LYMINGTON’S Ben Ainslie hopes what he described as a “terrible” second day of the Olympic regatta at Weymouth and Portland will fire him up for the rest of the week.
The three-time Olympic champion sits third overall in the Finn class after four races, 11 points behind overall leader Jonas Hogh-Christensen (Denmark), after posting scores of six and 12 from his
two races yesterday.
He said: “It was a difficult day. For whatever reason, I wasn’t finding the wind or reading the wind very well. I don’t think I went the right way once all day so that was pretty frustrating.
That’s a challenge to overcome and hopefully I can get my act together for the rest of the week. I’m not very happy with that at all. I had a terrible day. I really didn’t perform and hopefully it
will fire me up for the rest of the week.”
Ainslie, who picked up two seconds on Monday, enjoyed a clean start in race one and managed to once again capitalise on good pace downwind to punch his way clear of the pack, working his way
through to fourth at the halfway point. But with Dane Hogh-Christensen once again revelling in the shifting conditions, Ainslie lost ground upwind, rounding the fifth mark in sixth then crossing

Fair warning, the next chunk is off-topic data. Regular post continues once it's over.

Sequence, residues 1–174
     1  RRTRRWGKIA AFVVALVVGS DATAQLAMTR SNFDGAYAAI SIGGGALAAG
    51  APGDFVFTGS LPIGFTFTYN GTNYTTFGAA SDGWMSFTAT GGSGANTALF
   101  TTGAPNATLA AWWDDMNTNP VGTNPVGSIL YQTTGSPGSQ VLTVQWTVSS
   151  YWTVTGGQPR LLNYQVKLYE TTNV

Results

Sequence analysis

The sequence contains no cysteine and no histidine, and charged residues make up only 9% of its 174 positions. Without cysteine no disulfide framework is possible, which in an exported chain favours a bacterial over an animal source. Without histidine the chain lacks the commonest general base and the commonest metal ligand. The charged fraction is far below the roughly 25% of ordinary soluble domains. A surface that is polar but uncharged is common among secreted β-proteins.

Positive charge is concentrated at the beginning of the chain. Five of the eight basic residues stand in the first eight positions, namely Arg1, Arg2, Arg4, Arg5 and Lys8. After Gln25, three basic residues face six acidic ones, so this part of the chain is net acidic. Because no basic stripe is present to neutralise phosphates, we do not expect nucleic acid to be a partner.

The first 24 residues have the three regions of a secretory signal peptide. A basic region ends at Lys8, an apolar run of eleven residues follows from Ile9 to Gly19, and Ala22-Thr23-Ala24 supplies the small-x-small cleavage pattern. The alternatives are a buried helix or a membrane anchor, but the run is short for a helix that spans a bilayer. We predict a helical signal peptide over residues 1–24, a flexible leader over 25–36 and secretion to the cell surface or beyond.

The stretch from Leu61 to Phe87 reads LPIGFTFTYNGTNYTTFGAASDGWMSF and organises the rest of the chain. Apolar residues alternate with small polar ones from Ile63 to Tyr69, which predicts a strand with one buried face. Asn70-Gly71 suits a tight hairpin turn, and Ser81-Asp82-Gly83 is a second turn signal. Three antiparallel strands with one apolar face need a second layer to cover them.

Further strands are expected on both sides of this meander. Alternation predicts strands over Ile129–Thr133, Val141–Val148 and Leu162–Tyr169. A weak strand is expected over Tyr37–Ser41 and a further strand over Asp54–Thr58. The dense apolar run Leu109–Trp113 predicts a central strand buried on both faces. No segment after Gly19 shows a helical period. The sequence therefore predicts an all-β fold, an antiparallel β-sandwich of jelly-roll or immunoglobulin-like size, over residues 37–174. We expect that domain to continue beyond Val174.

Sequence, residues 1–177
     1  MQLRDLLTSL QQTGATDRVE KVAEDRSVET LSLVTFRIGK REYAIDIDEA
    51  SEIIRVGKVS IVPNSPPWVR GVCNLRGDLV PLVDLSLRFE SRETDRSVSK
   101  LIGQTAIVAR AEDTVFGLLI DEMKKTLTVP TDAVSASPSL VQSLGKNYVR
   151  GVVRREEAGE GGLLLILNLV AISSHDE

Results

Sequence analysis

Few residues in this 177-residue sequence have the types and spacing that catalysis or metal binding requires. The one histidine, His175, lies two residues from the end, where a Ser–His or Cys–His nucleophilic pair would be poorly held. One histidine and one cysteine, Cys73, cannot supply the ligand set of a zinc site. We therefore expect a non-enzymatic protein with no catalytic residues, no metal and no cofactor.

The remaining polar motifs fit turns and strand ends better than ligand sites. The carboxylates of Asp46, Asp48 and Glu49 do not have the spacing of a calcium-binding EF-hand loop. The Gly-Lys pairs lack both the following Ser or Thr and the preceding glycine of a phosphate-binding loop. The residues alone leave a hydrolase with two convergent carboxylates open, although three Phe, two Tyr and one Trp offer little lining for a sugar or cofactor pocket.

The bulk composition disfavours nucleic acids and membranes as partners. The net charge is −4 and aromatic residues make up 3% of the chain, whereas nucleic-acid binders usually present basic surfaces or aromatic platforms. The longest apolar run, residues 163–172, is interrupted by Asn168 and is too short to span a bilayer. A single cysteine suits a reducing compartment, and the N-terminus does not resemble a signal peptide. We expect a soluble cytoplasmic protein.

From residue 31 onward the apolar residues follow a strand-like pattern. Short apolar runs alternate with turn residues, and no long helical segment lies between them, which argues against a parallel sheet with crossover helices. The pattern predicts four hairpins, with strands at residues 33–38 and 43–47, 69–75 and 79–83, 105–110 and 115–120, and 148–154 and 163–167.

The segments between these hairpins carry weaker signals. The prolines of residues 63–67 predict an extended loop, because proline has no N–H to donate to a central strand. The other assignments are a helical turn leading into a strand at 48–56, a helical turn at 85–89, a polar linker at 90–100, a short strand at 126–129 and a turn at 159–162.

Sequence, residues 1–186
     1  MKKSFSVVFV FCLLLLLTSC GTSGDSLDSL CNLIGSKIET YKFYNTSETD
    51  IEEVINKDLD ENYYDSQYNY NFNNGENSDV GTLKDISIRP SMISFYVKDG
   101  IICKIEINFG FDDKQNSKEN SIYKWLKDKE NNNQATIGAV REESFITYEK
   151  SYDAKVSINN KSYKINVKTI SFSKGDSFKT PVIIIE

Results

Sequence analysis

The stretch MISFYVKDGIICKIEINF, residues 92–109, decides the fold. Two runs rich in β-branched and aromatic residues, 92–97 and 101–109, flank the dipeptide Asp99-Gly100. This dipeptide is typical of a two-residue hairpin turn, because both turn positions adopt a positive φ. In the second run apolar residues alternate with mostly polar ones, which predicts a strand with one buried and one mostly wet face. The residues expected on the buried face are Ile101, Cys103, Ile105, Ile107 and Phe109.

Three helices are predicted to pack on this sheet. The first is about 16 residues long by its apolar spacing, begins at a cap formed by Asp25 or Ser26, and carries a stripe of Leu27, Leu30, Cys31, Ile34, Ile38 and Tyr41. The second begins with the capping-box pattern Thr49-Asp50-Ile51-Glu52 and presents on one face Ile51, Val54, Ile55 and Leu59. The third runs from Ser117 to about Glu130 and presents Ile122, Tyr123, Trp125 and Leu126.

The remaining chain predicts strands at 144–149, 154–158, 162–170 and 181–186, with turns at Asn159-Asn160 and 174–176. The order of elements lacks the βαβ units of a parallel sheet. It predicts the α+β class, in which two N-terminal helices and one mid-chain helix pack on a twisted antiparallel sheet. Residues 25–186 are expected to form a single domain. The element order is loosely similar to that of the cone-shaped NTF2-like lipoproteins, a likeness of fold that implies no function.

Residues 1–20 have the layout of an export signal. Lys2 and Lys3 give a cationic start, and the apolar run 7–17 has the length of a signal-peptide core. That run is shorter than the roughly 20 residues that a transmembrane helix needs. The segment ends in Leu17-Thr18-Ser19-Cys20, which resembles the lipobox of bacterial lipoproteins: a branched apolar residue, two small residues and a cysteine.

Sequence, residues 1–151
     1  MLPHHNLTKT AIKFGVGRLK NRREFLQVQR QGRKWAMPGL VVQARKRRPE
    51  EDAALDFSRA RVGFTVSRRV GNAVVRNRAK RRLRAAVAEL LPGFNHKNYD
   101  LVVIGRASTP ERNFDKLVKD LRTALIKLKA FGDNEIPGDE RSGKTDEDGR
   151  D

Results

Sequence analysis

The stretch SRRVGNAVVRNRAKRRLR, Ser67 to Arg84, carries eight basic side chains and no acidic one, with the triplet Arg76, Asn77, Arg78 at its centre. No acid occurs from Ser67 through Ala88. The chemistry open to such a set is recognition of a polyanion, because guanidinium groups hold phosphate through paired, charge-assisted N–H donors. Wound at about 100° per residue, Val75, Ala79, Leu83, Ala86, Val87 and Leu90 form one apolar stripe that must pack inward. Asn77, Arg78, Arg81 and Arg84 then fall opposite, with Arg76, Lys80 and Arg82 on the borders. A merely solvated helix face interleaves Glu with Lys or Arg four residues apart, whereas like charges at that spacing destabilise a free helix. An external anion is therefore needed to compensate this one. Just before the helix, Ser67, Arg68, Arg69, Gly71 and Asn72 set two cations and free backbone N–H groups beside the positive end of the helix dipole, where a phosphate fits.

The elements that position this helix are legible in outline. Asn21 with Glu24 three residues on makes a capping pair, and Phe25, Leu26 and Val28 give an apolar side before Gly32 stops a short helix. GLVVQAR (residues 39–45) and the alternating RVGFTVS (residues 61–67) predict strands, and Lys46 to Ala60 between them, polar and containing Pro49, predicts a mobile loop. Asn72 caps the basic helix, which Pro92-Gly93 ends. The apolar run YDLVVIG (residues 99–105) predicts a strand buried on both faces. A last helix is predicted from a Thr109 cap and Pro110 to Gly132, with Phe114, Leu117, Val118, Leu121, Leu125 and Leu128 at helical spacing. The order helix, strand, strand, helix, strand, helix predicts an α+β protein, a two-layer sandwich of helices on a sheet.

the line in the same position.
The Brit was handed a massive boost at the start of race two when Hogh-Christensen got stuck on the pin end boat, forcing him to do two penalty turns.
However, the delay to his start actually ended up playing into the Dane’s hands as he was able to get a clear view of which side of the course was paying off and headed straight in that direction.
When Ainslie, who had gone out to the left-hand side, saw his rival head right he immediately changed direction to temper Hogh-Christensen’s progress.
But although the move initially helped the 35-year-old Brit, he couldn’t find an answer to the Dane’s exceptional turn of pace throughout the rest of the race and trailed across the line in 12th,
while Hogh-Christensen consolidated his overall lead with a seventh. Jonathan Lobert (France) sits second overall after a fourth and second today.
Ainslie had been keen to play down hype before the regatta that the gold was simply his to lose and he makes no bones that he will up his game if he is to claim his record-breaking fourth Olympic
He added: “Hopefully, it will begin to get a lot better. It goes without saying it will have to go a lot better otherwise I’ll be a very unhappy man. I certainly have to sail a lot better than that
for the rest of the week. It’s a number of very small things – there is a very fine line between success and failure at this level so I will certainly have to raise my game for the coming races.”
The Finn class is scheduled to resume at 12pm today with both of their races (race five and six) scheduled to take place on the Weymouth Bay South.